There was a time in my life when I couldn’t eat anything that had wheat in it — no crackers, no bread, no pita, no gravy, no biscuits, no cookies, no croissants…you get the idea. I got pretty creative with some things. Like hummus. I really, really like hummus, but if you don’t have pita to put it on, what can you do?

Corn chips. Yes. They work very well. Sometimes, though, if you have company you want something a little fancier. Something a little unexpected. Maybe even something a little healthier.  And sometimes you’re having company and you forgot to buy the corn chips and you don’t realize it till the last minute so you look in the fridge and the pantry for something to use to eat the hummus with besides a spoon.

That’s how I first came to make this. We were having dinner guests and I totally forgot to make something to munch on before dinner. Here it’s called an amuse-bouche, literally something to amuse your mouth. I like that idea…

So the next time your mouth is bored, or you forgot the chips or it’s too hot to cook or you just want to have something a little different, you can make this hummus flower. You’ll thank me. You will.

Hummus Flower

1 cup of hummus
2 large Belgian endives
paprika for color

  • Cut the bottom off the endives (to free the first couple of rounds of leaves).
  • Put the hummus in the center of a large, pretty plate and place the largest endive leaves around it like petals on a daisy.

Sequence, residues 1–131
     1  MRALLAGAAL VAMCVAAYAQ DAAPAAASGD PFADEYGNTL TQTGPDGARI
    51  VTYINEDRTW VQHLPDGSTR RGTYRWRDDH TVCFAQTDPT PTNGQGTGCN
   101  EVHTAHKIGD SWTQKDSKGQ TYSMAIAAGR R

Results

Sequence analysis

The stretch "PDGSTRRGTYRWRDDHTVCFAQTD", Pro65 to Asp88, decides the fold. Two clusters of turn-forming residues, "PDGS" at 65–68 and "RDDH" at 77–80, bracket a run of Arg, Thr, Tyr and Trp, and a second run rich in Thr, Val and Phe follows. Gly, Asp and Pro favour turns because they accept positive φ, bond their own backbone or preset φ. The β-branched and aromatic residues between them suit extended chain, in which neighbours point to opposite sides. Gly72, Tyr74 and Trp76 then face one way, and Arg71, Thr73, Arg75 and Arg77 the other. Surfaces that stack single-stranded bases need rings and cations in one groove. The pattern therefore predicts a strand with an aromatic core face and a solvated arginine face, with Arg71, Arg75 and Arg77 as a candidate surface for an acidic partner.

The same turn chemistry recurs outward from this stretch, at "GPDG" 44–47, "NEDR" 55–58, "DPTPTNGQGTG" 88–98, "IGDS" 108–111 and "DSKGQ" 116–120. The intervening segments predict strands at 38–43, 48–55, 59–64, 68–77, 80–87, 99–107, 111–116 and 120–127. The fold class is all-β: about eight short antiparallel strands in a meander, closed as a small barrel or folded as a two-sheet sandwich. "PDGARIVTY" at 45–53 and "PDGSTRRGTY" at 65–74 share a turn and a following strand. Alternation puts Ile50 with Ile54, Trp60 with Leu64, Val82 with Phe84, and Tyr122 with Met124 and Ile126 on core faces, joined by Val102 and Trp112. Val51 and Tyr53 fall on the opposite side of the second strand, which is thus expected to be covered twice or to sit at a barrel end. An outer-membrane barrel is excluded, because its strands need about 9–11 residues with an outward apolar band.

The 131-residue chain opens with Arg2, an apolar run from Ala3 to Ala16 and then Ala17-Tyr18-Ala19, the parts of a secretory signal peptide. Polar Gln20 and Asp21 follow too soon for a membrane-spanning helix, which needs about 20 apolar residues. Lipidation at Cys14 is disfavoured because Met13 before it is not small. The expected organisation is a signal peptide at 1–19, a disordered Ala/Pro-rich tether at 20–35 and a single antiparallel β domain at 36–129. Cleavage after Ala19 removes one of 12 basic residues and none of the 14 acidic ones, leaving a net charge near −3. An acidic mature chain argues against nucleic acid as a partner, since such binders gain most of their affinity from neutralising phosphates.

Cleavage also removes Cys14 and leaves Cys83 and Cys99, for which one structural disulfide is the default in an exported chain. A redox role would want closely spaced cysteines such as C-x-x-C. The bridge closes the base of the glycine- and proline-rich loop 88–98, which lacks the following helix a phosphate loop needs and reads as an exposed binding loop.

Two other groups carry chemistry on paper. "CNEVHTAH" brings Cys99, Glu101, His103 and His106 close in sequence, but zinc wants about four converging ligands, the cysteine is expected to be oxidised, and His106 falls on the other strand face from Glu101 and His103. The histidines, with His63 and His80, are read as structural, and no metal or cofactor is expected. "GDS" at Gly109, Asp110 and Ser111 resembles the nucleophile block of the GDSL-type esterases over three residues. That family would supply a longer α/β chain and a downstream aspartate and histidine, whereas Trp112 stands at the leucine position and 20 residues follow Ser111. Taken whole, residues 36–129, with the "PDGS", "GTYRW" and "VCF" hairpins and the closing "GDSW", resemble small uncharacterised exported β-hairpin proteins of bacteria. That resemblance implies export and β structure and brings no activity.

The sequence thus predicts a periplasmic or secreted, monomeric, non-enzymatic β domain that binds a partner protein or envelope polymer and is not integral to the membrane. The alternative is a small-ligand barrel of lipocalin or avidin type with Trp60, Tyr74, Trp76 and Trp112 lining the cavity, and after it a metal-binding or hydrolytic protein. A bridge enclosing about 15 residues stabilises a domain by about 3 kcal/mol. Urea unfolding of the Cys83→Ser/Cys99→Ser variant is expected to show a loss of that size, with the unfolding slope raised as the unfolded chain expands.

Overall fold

• Cut the bottom off the endives again to free the next couple of rounds of leaves, and place these IN the hummus.
  • Continue to put the leaves in the hummus (each new set of leaves will be smaller then the ones before), finishing with the smallest ones in the center. Now it should look more like a chrysanthemum than a daisy.
  • Sprinkle some paprika around to add a little color.

Hummus

1 can chickpeas
1/4 cup tahini
juice of one lemon
1 clove garlic
salt

  • Put the chickpeas in a food processor and blend. (Reserve the liquid from the can).
  • Add the tahini, lemon juice and garlic and blend some more. I like it really smooth, but you can leave it a little lumpy if you like. Add the reserved liquid from the can if necessary to get the consistency you want.
  • Taste and add salt if necessary. I don’t usually need it if I used canned beans.

NOTES:

  • I use canned chickpeas for this. I think they taste fine here, and the difference between the canned ones and the dried ones is not worth the effort in this dish, in my opinion.
  • If you have a plate that’s prettier than mine you may not need the paprika. If I’d had a red plate that was large enough I would have used that…
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Kate McNally

Kate McNally

Born and raised in Atlanta, with degrees from UGA and UT Knoxville, Kate never lived above the Mason-Dixon line. That is, until she moved to Belgium. She now lives in the Belgian Ardennes, near Germany and The Netherlands, in an area where three cultures clash and co-exist. She used to have a stress-filled life, living in Washington DC and working as a management consultant all over the US and Canada. About 9 years ago, Kate and her husband Dan quit their jobs and moved to Europe. Now they teach English as a second language to business people there. They went there for two or three years. They're still here. Kate loves to cook, to travel, to paint and to write. She tries to do all of those as often as she can, and she shares tales of her life there in her blog. Kate says, "My blog is called 'Serendipity'. That pretty much sums up our life here in Belgium: serene with a little ‘dipity’ added. You’ll find here tales of our life as we sometimes struggle with other languages and other ways. You'll also find some paintings. And more than a few recipes, because I love to cook. My husband loves to eat. Perfect!" You can find her blog at http://serendipity-kate.blogspot.com/